I’ve been asked to give some expert tips on how mums can start again buying property after a divorce or a separation or other major event, when they’re starting out alone and want to keep the property they are in or buy something to stat your new life in.
What a whirlwind time it is going through so much change, you don’t need the extra stress of dealing with a bank, so let us help you with our top tips for starting out again.
I see this as two main issues –
Being able to borrow enough to buy a suitable property
And making sure it’s affordable
1 Define your budget. Know exactly what your expenses are and work out whats affordable for you moving forward. We’re not talking budget in a painful sense – we’re not talking cut to the bone – but whats realistic, whats negotiable and whats a pure unavoidable cost of living. It’s just about understanding.
If we think about this, you could be the frugal type who stays in with a movie or you could be the extravagant type who loves to buy fancy shoes – not pointing any fingers here, it’s all up to you and it’s about understanding.
The flip side of this is income, whats actually coming into the house. Unfortunatley I don’t recommend you necessarily rely on maintenance payments because the banks won’t unless you have a clear 6 month history of receiving them each and every time.
By this stage you know what resources are available to you in terms of assistance – family tax benefits etc, so I won’t go over this, but think about talking with a good financial planner about budgeting, super and insurances, affordable insurances! It’s a sad point to note that many women are well behind our male counterparts when it comes to superannuation and this might be a time to address this. I can recommend a good female financial planner to help you with this.
2 Now that we know what it costs us to live and what we can afford to commit to repayments its time to bring in the broker.
Its surprising to know that you with your income can borrow substantially different amounts with different lenders. This could mean the difference between being able to keep the home you’re in or having to downgrade.
It comes down to a set of rules the lenders have behind the scenes about building buffers to allow for interest rate increases and differences in what they expect your living expenses to be. Some lenders also take allowance for family assistance income and maintenance where others do not. There are so many different sets of rules at play here you have almost no chance of walking in off the street to just the right bank for your personal set of circumstances, but we can get you there.
We have to take into consideration all of your expenses and liabilities including the limits on your credit cards – and this can also be where the difference comes in. If you use your credit card as a tool (and they are an excellent tool) and pay it off completely every month then it’s less of a commitment for you than it is to someone who is paying off a debt, so it’s reasonable to consider that a bigger mortgage might be more affordable for you, if thats the way you want to go.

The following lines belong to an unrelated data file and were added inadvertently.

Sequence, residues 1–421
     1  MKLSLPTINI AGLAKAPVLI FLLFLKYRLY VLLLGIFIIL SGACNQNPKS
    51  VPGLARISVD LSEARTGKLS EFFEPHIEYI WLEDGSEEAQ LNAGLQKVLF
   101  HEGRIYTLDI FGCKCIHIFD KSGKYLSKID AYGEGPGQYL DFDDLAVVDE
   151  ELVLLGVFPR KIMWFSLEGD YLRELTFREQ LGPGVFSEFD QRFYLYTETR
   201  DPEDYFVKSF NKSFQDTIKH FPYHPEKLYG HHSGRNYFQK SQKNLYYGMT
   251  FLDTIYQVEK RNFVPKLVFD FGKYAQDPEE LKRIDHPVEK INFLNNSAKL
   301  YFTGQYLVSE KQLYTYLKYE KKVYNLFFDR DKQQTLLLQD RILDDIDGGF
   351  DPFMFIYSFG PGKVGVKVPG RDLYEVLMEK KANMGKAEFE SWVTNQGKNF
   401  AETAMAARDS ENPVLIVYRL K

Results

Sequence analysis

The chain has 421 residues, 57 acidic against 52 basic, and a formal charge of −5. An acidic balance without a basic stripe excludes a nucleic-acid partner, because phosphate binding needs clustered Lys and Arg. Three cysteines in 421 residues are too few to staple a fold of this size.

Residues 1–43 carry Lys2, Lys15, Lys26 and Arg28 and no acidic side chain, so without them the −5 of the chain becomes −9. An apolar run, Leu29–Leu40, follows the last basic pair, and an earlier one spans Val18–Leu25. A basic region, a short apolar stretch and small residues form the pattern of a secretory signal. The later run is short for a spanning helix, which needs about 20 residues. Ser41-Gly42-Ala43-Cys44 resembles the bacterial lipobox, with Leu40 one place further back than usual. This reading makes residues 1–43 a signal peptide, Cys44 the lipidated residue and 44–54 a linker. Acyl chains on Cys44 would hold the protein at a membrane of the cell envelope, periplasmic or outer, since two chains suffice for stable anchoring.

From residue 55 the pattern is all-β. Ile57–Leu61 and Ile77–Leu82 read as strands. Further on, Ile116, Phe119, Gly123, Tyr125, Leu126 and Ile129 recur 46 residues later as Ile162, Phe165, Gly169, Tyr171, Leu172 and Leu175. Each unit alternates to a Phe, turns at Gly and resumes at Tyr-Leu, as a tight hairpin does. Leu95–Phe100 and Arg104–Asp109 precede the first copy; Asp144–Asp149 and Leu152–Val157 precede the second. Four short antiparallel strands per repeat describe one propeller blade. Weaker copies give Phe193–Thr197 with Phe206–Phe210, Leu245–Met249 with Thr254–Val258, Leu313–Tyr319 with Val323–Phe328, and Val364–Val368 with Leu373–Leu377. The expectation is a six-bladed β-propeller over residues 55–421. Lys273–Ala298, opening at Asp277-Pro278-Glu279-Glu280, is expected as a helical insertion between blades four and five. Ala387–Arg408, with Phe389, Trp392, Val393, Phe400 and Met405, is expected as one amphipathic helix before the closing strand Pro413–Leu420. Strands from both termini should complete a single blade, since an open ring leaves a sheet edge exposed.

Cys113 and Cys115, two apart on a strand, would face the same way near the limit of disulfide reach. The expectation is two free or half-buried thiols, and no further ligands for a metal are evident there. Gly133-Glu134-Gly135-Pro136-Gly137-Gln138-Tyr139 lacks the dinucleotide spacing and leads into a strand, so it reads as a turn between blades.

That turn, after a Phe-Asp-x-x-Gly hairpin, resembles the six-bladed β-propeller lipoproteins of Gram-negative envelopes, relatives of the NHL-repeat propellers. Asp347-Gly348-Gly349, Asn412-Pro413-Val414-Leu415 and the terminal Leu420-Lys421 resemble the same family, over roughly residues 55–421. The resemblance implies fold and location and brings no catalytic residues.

When we are thinking about meeting the lenders “affordability” criteria:
- If possible pay off or get rid of as many other liabilities as you possibly can, for example a $5000 credit card can reduce what the banks think you can afford to borrow by $20,000 – if you don’t need it get rid of it
- If you do need it, reduce the limit to as little as possible
- Don’t stop making payments on existing loans – a bad credit history is not going to do you any favours, if your name is on it – pay it – work the rest out later.
- If there’s already a credit issue get and keep as much documentary evidence as you can that it was not your responsibility to pay it. This still may not help you but it certainly won’t harm you to have the paper trail just in case.
- Bring your income up as much as you can. Some banks will include your overtime and other income and others won’t, but to have a chance of using it you need a history to show you do actually earn it.
Comparing homeloans and mortgages from a variety of lenders allows us to stretch your borrowing capacity out with the right lender to do the job.
3 Keeping the repayments as affordable as possible. With this expert knowledge in hand and your budget in mind we can then look at your options with that lender, do you need a plain and simple loan or do you want all of the features? Do you want some protection from rate rises? Whats important to you? What changes are you expecting to income and expenses as the kids grow and how can we factor this in?
4 Sometimes it’s the cost of starting again that looks prohibitive, especially if legal fees and the like have eaten up your reserve. Maybe you don’t have as much deposit as you would like. There are options around this too. Someone with good history and a small deposit can look at borrowing up to 95% of the property purchase price. If you have family who can help you with a guarantee like a “family pledge” we can look at this option too.
5 Finally, if all the cards are on the table and you consider all of your options you might just decide you want to rent where you want to live and buy an investment property somewhere else. This is a growing trend and there’s some sense behind it where you can more economically rent a property than buy one – but you want to put your toe in the market anyway. Don’t let anyone tell you this isn’t a smart move, it just might be the best thing for you. After all is said and done you want to be able to sleep comfortably at night & not put yourself under any more stress than you need to.
Your broker will put all of your options on the table and help you navigate through the ones that suit you. It will be a major relief to have someone on your side and just imagine how good it’s going to feel when you’re in your very own home.